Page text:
Another legal victory highlighting migraine as a disability in the workplace was secured recently when a United States District Court judge denied Westar Energy’s motion to dismiss a claim brought against them under the Americans with Disabilities Act (ADA) and the Kansas Acts Against Discrimination (KAAD).
The case stems from the company’s termination of an employee—the Plaintiff in the case—in May 2014 for “excessive absenteeism” on account of her migraine attacks. She claimed that her migraines, which occurred at a rate of one attack every 1-2 months, were so debilitating that they hindered her ability to function in the workplace; this often required her to miss the remainder of the work day and sometimes the ensuing day. Furthermore, she stated that she notified the company’s Human Resources department of her condition upon termination, at which time she alleges they told her that migraine attacks “are not a cognizable disability and that she had no right to any reasonable accommodations.”* This led her to file the complaint against Westar Energy.
It is Title I of the Americans with Disabilities Act which requires a business to offer “reasonable accommodations” for a qualified employee with a disability. This can include modifications to the work environment, adjustments to the employee’s work schedule, job restructuring or reassignment, and more, as long as it does not pose undue hardship for the company.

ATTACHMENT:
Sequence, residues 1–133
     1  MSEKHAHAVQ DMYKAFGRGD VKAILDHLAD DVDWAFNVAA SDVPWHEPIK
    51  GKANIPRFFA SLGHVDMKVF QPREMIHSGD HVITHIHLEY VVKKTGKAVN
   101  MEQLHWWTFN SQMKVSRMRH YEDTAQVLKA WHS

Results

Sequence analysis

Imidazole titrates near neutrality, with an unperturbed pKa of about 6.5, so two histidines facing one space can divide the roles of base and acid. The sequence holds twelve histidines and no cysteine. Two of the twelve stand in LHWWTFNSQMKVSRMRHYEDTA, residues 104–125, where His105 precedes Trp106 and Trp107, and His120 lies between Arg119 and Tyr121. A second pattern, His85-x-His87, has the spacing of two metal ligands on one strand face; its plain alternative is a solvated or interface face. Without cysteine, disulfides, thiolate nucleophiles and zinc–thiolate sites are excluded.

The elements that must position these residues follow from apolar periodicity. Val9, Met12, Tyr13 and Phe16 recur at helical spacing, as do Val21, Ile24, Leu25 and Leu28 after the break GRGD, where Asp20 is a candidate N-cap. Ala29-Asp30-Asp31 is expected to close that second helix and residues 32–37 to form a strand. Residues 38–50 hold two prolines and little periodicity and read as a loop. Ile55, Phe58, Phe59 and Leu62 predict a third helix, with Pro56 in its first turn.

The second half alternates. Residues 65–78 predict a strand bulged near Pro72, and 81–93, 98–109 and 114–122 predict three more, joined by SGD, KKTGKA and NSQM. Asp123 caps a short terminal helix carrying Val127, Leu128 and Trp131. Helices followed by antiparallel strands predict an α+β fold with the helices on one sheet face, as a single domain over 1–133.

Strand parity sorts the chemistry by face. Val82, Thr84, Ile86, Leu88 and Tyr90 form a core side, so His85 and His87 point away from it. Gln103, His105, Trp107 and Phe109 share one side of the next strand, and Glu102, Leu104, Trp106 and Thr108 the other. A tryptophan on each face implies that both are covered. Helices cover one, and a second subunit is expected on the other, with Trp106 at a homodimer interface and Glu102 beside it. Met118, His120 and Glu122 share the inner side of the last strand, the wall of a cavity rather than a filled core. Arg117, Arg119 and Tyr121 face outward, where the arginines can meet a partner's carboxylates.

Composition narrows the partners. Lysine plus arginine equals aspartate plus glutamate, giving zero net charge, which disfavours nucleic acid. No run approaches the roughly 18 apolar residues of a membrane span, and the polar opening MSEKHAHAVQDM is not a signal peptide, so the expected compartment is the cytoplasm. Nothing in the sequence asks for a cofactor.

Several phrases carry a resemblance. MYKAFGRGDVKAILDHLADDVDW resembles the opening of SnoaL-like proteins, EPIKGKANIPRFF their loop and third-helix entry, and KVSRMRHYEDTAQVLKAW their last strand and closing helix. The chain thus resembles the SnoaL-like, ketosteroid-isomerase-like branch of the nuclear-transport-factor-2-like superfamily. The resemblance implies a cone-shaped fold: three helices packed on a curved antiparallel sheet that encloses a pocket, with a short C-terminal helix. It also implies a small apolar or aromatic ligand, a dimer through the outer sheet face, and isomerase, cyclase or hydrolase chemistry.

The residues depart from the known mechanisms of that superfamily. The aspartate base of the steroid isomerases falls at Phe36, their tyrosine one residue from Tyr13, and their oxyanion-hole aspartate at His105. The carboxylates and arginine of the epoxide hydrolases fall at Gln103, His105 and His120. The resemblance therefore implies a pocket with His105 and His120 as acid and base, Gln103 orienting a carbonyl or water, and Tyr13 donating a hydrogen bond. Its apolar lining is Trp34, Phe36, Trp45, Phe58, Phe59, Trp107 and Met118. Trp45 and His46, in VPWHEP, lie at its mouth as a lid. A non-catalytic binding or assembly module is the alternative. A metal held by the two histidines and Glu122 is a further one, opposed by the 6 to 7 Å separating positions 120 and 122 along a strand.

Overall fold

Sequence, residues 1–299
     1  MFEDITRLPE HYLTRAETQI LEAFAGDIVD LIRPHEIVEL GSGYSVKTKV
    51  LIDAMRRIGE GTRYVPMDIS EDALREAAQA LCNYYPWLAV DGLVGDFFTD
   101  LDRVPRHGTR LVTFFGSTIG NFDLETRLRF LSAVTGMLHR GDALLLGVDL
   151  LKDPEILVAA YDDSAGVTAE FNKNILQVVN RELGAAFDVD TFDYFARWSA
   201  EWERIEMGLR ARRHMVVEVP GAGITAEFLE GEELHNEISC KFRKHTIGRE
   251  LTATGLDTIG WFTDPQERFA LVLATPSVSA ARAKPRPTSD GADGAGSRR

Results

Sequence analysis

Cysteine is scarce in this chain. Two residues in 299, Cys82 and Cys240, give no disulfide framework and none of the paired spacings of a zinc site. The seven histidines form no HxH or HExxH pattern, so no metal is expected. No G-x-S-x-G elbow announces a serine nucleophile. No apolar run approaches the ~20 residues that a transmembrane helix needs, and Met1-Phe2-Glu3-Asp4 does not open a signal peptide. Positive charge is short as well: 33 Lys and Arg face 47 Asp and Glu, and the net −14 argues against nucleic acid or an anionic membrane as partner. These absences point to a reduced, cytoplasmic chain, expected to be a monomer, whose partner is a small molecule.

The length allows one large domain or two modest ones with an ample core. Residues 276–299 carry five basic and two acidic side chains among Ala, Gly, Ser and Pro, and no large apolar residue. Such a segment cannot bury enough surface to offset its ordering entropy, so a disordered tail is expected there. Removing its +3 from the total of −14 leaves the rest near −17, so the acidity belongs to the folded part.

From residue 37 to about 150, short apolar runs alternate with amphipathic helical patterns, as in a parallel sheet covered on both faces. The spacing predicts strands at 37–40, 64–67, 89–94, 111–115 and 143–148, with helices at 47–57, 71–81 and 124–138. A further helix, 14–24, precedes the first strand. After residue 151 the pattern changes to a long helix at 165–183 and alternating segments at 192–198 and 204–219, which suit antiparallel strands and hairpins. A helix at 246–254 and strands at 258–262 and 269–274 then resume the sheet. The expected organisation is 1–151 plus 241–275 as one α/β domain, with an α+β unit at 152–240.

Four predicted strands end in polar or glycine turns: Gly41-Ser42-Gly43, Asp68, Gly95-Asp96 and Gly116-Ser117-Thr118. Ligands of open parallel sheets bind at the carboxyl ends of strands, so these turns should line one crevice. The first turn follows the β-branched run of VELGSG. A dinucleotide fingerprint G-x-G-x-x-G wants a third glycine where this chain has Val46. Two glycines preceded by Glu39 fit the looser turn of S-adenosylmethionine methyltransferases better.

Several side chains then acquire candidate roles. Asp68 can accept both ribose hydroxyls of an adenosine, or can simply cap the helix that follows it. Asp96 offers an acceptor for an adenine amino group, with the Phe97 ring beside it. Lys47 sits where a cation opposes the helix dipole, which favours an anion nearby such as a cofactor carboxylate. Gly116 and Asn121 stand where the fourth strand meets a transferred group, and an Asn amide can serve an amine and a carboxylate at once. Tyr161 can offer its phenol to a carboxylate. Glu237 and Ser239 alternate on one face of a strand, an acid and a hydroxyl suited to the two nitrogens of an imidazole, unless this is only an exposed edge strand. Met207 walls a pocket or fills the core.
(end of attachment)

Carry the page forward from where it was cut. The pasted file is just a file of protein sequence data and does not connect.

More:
An examination of the case showed that the court believed the Plaintiff put forth enough plausible testimony in the initial stages of the case to deny the company’s request for dismissal in January of this year. Although the court noted that past legal proceedings have conflicting conclusions on whether migraine is a disability as defined by the ADA, it recognized that she presented sufficient facts to move forward with the claim. In other words, the court confirmed that Westar Energy may have violated the ADA.
One thing this case reinforces is the need for greater education and awareness of chronic conditions and how they affect working professionals, especially the stigma of migraine. In addition, there has to be better and more open dialogue between employer and employee in order to address issues of migraine and light sensitivity in the workplace. Regardless, we will continue to pay attention to how this case unfolds and what it means for migraineurs.
Bethscheider v. Westar Energy, Case No. 16-4006-CM (D. Kan. Jan. 13, 2017)